I also had the opportunity to play ophicleide once more in the BSO, in a performance of Berlioz's Damnation of Faust conducted by Charles Dutoit. In this photo (taken by Randy Hawes, who was playing third trombone as I slid down the section to play ophicleide), you can see BSO tubist Mike Roylance and me playing the "Amen" fugue from Faust. Over the years, I have played many instruments with the BSO - these include not only bass trombone, but contrabass trombone, tenor trombone, bass trumpet, euphonium, serpent and ophicleide. Bringing serpent and ophicleide to the BSO is a special thing for me, as it provides an opportunity to bring back "old sounds" that have not been heard in many years in particular repertoire. It was especially fitting to play this great work by Berlioz, who, after J. S. Bach, I enthusiastically can call my "favorite composer."
My time back at Tanglewood was not limited to BSO concerts. In mid-July, I drove to New York City to play a recital of duets for serpent with the fine French serpent player, Volny Hostiou, as part of the Second Historic Brass Seminar, hosted by the Historic Brass Society and held at the Metropolitan Museum of Art. Volny and I had played together several years ago in Michaelstein, Germany, and we encored part of our recital we gave at that time at this program in New York. The recital was a great success, and it is always nice to see friends from around the world at these kinds of scholarly conferences, where one can hear recitals, see papers presented, and engage in lively and fruitful conversation about brass research.
Of course, the great highlight of my final weeks with the BSO was my final weekend of concerts. It was a joy to have our daughters and their men come back to Tanglewood from Chicago and San Francisco so they could share in all of this us. In addition to three BSO concerts in that weekend, the BSO brass section gave a recital in Seiji Ozawa Hall at Tanglewood. Each section of the BSO brasses played a piece (the low brass choice was Joseph Kreines' Chorale Variations: Jesu meine Freude), and then we came together for a performance of Henri Tomasi's Fanfares liturgiques, one of the greatest pieces ever written for brass ensemble.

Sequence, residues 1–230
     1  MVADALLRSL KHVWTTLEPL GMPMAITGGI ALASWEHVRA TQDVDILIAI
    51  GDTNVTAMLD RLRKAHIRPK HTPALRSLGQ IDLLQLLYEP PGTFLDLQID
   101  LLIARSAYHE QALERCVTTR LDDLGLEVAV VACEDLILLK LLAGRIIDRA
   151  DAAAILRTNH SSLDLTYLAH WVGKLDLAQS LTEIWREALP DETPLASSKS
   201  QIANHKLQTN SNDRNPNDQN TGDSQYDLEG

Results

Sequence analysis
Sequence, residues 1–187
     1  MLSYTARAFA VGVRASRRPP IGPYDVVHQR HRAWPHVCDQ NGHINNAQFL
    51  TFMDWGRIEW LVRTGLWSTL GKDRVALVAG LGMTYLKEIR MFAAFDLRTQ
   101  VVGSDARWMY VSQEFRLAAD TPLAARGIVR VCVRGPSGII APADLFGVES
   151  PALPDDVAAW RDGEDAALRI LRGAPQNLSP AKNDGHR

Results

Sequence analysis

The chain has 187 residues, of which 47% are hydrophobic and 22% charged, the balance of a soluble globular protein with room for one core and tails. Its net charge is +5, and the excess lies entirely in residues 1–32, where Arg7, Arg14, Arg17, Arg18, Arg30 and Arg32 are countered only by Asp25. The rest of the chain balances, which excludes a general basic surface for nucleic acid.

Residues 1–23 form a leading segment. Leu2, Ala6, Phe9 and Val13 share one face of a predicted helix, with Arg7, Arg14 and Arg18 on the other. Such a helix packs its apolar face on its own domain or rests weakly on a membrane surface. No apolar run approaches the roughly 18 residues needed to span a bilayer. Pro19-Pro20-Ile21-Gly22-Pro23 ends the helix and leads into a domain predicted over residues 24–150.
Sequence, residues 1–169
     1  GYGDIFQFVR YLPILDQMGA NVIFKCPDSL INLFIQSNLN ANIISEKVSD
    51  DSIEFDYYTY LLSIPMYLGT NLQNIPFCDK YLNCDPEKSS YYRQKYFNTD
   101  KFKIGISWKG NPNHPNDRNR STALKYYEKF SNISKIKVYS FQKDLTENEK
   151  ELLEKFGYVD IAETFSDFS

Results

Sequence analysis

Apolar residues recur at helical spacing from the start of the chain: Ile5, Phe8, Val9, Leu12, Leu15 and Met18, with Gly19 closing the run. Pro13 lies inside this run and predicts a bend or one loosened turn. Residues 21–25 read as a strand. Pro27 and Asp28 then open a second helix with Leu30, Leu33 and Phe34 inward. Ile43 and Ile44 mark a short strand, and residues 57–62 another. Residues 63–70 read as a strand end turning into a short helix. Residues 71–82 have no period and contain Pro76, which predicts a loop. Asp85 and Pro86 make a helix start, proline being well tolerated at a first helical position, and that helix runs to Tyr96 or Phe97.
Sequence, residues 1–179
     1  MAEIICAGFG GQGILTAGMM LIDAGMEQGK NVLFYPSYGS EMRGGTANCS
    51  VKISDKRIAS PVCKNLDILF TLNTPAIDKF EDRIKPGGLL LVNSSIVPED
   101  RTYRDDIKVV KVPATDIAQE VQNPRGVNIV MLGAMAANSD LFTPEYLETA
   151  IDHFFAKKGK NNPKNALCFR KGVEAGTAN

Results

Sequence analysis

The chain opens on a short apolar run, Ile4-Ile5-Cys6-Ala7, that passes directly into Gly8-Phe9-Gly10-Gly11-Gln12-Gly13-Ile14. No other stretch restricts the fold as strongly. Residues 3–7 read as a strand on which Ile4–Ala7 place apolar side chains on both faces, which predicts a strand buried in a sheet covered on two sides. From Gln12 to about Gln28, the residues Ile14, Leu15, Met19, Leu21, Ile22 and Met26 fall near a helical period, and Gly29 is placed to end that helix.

We spent time visiting special places our family had enjoyed over the years, and when Sunday, August 5 came around, it was time for my final concert with the BSO.
The day started, fittingly, with our going to Hope Church in Lenox, Massachusetts, the church where our family has worshipped in the summers since 1985. My wife, Pat, and I played a solo during worship, 'Tis So Sweet to Trust in Jesus, the piece we always seem to play when we finish a concert at a church or say goodbye to a congregation (It is the final track on my solo CD, Cornerstone).
The BSO concert that afternoon was conducted by Loren Maazel and concluded with Berlioz's Symphonie fantastique. After the final C major chord, I was called up to the podium to take my final bow as a member of the BSO. I was heartened by the wonderful support and response of the audience and my colleagues as I acknowledged their applause, and as I looked out, I smiled broadly, remembering in an instant a career of concerts in that very special place.